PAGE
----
Charlie Powling Interview

Charlie Powling Interview

Following the positive response to Fifteen Of Fame and When My Ship Comes In, Charlie Powling releases another spell-binding folk-rock track.

King Canute is Charlie's poignant protest against the futility of war and the deceit used to fuel it. The song paints a vivid picture of a man, helplessly watching explosions from his bedroom, embracing his wife in a futile attempt to shield her from the imminent devastation. This scene parallels the legend of King Canute, underscoring the character's inability to stop the impending disaster. The song reflects on a hopeful vision once held by Charlie's father – a future where ordinary people recognize the falsehoods behind wars declared by the affluent and powerful and choose not to partake in them. Yet, this remains a distant dream. Charlie has been a staple in the Darwin music scene for over a decade. Debuting with a self-titled CD in 2018, he masterfully fuses rock, folk, and country, echoing influences from Mahalia Jackson to The Beatles. With standout tracks like the first single release from the Charlie & The Black Pepper Band album Drive the Highway, the band has seen triumphs and faced tragedies. Their recent works, inspired by legends from John Schumann to Bruce Springsteen and produced by talents like Lindsay Masters and Garry (Jacko) Jackson, continue to establish them as powerhouses in narrative-driven music.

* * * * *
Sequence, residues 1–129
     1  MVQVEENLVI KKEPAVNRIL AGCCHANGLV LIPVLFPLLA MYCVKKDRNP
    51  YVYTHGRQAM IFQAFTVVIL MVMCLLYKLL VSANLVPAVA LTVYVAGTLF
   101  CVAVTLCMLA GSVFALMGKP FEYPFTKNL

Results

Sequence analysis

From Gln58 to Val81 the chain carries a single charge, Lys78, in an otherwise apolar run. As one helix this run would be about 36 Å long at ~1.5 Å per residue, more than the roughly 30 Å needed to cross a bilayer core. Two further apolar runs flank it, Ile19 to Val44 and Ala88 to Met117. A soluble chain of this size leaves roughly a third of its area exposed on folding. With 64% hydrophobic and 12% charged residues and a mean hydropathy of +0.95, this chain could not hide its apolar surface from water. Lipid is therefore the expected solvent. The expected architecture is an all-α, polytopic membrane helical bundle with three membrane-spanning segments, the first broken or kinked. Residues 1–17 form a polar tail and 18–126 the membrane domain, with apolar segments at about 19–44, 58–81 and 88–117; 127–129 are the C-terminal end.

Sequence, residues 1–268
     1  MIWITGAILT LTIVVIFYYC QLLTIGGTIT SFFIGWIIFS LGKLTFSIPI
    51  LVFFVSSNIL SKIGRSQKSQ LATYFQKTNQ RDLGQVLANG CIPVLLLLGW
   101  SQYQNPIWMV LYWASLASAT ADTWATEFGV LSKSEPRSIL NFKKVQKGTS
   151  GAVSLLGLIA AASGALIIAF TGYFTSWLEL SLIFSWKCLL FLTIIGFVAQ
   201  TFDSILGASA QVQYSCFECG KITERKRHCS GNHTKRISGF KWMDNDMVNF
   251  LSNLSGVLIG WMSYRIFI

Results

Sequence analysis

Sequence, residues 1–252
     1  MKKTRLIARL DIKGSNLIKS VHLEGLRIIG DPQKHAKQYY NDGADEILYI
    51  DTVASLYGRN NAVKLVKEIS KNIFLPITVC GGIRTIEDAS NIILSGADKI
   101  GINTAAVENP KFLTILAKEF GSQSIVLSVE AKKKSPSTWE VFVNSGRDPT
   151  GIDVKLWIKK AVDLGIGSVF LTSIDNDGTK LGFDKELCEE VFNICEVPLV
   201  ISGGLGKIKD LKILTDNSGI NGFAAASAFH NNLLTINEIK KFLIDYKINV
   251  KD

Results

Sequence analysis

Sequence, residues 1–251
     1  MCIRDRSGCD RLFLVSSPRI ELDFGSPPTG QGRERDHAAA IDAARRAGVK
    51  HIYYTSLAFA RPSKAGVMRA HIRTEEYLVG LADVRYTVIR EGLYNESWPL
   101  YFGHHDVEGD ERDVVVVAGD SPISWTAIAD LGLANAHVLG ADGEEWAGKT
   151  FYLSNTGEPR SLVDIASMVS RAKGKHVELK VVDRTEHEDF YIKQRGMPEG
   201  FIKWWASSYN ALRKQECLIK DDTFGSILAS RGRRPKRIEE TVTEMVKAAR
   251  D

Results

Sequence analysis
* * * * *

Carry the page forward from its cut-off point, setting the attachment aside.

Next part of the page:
King Canute is at radio today and available to download now


How would you describe your music?

I've always had issues classifying my music into a genre, as I try to bring diversity to each song on our albums by changing the storyline or using different keys and chord progressions or melodies.

However, because my songs have a strong storyline, often incorporating social commentary, the music tends to be labelled as Folk, but when performing live we tend to be very much an electric guitar driven Rock band. So I think we can be classified as a Folk Rock band.

Can you tell us about (your new song/upcoming gig/video), what was the inspiration?